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These are EMA’s pick of the most interesting and relevant cases reported in the last month. Please note that these are summaries only, and should not be relied upon in place of the full judgment. If you would like clarification on any of the judgments, or wish to know how a particular case may apply to a matter you currently have, please contact one of our consultants.

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Construction, Forestry, Mining and Energy Union v BHP Coal Pty Ltd [2018] FWC 1453 (9 March 2018)

Industry: Coal mining

Type: Payment dispute

Summary: Coal mine worker employed to operate vehicles loses his driver’s licence. Company usually makes arrangements to workers so they can continue working in similar circumstances, but didn’t in this case. EA stated that employees must perform “such tasks as reasonably required by company”. Employee put on leave without pay.

Outcome: Not “reasonably required” for employer to require employee to operate vehicles without licence. Common law right to refuse part performance of work modified by specific EA words in these circumstances. Employee entitled to payment for full period.

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Surace v Peoplesmove Pty Ltd [2018] FCCA 601 (23 March 2018)

Industry: Car Rental and Transport Services

Type: Underpayment – dispute over the correct award coverage

Summary: Assistant Site Manager claimed that they were covered by the Clerks – Private Sector Award 2010 and underpaid. Employer claimed that they were covered under the Miscellaneous Award 2010 and overpaid, and sought an order for the repayment of moneys owed.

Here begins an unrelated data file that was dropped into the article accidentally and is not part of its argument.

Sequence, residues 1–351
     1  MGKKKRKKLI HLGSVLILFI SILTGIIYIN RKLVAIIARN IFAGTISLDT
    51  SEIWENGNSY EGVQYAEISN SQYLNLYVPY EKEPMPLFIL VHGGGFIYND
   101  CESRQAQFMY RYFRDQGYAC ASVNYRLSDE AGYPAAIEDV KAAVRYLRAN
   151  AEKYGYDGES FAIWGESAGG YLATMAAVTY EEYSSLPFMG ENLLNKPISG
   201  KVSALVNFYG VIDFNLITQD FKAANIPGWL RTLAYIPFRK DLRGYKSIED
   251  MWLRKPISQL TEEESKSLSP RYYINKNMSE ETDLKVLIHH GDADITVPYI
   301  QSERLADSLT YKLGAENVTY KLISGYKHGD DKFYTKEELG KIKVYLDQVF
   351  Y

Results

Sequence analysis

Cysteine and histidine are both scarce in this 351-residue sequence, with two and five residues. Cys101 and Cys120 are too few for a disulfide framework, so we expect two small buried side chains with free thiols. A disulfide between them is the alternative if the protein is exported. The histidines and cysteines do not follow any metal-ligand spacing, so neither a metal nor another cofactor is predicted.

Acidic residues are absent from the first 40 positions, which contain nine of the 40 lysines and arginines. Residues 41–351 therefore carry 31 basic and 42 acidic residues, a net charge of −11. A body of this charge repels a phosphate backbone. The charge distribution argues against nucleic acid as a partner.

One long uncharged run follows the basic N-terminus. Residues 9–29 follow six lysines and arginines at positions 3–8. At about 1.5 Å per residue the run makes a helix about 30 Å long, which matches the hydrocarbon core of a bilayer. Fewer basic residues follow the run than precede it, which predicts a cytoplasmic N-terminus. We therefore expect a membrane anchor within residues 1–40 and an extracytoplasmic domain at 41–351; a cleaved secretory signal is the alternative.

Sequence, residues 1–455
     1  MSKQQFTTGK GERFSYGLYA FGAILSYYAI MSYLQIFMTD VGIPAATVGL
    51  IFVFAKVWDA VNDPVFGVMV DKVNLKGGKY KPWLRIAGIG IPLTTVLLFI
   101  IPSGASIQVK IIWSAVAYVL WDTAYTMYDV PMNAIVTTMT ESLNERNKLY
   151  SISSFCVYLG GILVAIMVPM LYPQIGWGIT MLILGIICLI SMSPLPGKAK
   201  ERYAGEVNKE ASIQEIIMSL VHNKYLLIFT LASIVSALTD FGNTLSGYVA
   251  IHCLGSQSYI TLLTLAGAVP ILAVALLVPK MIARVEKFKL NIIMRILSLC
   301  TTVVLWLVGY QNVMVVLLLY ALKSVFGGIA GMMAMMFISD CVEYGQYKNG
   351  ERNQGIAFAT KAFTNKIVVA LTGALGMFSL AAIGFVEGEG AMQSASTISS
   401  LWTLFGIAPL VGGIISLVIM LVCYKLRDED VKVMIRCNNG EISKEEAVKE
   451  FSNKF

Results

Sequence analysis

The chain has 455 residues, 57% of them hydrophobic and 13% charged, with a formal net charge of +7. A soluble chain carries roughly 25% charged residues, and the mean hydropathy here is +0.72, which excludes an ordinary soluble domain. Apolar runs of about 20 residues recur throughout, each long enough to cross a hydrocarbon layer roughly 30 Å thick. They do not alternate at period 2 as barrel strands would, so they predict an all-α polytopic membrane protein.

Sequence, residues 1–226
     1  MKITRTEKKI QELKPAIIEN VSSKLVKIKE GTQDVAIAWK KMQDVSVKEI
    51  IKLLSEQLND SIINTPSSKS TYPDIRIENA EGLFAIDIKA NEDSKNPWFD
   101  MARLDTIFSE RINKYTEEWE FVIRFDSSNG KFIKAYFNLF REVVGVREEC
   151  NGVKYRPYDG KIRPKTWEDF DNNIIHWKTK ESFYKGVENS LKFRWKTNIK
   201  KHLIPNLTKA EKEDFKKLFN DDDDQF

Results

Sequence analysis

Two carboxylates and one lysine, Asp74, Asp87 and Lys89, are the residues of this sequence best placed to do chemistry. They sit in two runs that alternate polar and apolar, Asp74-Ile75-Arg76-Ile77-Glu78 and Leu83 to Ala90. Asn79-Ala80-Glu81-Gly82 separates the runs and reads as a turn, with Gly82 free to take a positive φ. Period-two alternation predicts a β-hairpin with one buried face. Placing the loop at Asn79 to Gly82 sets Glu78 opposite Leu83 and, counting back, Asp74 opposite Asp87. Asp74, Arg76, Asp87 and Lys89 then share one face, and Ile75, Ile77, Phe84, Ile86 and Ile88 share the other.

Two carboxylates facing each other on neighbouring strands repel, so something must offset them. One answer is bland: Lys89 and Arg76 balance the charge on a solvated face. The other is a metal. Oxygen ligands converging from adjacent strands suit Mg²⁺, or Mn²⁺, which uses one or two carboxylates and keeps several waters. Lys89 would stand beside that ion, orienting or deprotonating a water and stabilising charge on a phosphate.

Outcome: Found during the hearing that the correct award coverage was in fact the General Retail Industry Award 2010. Alleged “overpayment” was found to be a contracted over award payment – no repayment ordered.
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Construction, Forestry, Mining and Energy Union v Shamrock Civil Pty Ltd [2018] FWCFB 1772 (26 March 2018)

Industry: Construction

Type: Approval of agreement (appeal)

Summary: Enterprise agreement approved after a series of undertakings. The employer’s form F17 stated that there were no terms more beneficial or less beneficial than the award.

Outcome: The form F17 was clearly wrong, because there were terms less beneficial than the award, and if Shamrock did not include the detrimental terms in the F17, the explanation provided to employees must have also been wrong.  The agreement was not approved.

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Sam Technology Engineers Pty Ltd v Bernadou [2018] FWCFB 1767 (27 March 2018)

Industry: Engineering

Type: Unfair dismissal (appeal)

Summary: Employer submitted that the employee earned more than the high income threshold, so had no jurisdiction for unfair dismissal.

Outcome: ‘Earnings’ in the high income threshold test include the percentage of personal use of an allowance (in this case a car allowance).

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